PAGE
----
So I’m about 4 weeks out of his course, almost 4 years out of my injury, and in some regards, 4 years out of a body I was trapped inside of. Since my bulging discs I’ve done a lot; sold my business, opened a private practice in Cambridge, completed 750 hours of Structural Integration school in Maine, not to mention gotten married to my best friend. However, none of this would have started if I hadn’t learned about deceleration, or reducing the speed at which I was doing something. It all started with watching my breath. And 5 years into daily meditation, I’ve only started to scratch the surface as to whats behind breathing patterns.

If you had to describe life, how would you? A lead medical doctor on degenerative disease writes, “the criteria of life can be summarized as organization, information processing, regeneration, and rhythm.” To me this describes breath. Every breath has organization in it, and depending on your environmental stimulus you’re processing something. Breathing has rhythm, and it assists in tissue repair because the diaphragm is the governor of how the body responds to the motion imposed on it. Breathing is life, it is the purest form of what life is. Think about it, we are born into this world by taking our first breath out of water, and we take our last breath before dying. It is with us day in and day out, for our entire lives! We take oxygen in and disperse it to cells (cellular respiration), which then turns into cellular oxidation, which assists in the metabolic response of the body (again, I’m not here to get into those details), where energy is transferred, an action is carried out, allowing waste products to be released, and then everything happens full circle again. Breathing is life!

 

OWNING YOUR PROCESS: BUILDING YOURSELF

Slowing down my body and my movement really helped my neck heal. It taught me more than that, it got me feeling things I could never possibly feel moving fast. It felt like starting over, and what I learned was that that was okay to do. I didn’t have to push without attention. I didn’t have to keep up with others for a purpose that wasn’t mine. It took me decelerating my life to find my own vision for myself, my own path to walk on.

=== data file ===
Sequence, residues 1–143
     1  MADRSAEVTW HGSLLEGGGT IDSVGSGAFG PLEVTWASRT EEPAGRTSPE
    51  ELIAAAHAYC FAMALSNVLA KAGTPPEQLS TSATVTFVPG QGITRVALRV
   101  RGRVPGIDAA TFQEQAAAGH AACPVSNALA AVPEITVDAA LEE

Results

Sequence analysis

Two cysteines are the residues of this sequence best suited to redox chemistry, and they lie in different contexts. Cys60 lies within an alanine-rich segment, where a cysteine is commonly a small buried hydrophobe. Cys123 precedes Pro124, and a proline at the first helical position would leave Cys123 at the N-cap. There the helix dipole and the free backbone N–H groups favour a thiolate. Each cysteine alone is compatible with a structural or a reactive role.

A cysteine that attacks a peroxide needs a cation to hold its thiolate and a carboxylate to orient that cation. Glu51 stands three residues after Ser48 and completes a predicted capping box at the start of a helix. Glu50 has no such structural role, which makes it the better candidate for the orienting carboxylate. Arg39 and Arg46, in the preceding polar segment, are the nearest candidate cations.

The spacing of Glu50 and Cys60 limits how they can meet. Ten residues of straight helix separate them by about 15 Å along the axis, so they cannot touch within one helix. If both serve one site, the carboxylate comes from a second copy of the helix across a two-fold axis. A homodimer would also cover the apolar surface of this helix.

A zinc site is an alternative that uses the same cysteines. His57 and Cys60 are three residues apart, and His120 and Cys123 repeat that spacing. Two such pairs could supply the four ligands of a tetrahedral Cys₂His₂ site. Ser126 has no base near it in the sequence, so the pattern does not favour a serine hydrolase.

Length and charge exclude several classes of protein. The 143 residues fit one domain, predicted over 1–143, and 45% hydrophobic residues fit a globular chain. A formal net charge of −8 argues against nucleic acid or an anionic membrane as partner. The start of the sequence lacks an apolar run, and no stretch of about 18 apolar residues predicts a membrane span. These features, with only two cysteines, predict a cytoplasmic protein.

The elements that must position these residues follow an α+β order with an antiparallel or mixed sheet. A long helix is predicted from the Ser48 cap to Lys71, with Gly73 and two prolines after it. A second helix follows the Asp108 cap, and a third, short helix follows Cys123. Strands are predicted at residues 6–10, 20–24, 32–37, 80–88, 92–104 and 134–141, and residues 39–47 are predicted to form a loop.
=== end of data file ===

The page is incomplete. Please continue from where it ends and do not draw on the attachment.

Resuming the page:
The reason I share this with you is that being obsessed with fitness, yoga, CrossFit, boot camps, bodybuilding– its all bullshit. It isn’t sustainable. I don’t want to knock on sports, and if you have a sport, awesome! Play it, have fun, do what makes you happy. Though if you’re always accelerating through motion and through life, you may not have the time to see and feel something you don’t even know is there.

Deceleration has helped my body grow and mind expand in ways I never thought about, and ultimately helped make me a much more adaptable, powerful, and balanced person. I finally am at a place in my life where I feel more resilient, connected, and expressive in the way I am each day. I feel healthier, I feel limitless, I feel like I’m the painter of my picture. My muscles can lengthen and shorten, my joints can experience all of their ranges, and my mind has space in it to look at perspectives I didn’t always have. I don’t feel attached to anything except for the fact that we don’t have to run with buffalo just because the buffalo are running. First we have to walk with them, eat with them, and just be with them, otherwise we may lose our footing and get trampled.

The art of going slow will bring you big hurdles, emotional and physical barriers you don’t understand. Embrace them. Stop training to burn your body, because ultimately you only end up burning your connective tissues, and you get stiffer in your ways of thinking. Physical structure does change, I’ve seen it happen. A lot of that starts with quieting down and decelerating your life.

 

This Post Has One Comment

  1. Isaac Chilton

    Thank you for these nutritious words and inspiring ideas Rob! Part or what you write about makes me think of Thich Nhat Han’s line in his walking meditation poem; “Each step makes a flower bloom under our feet.”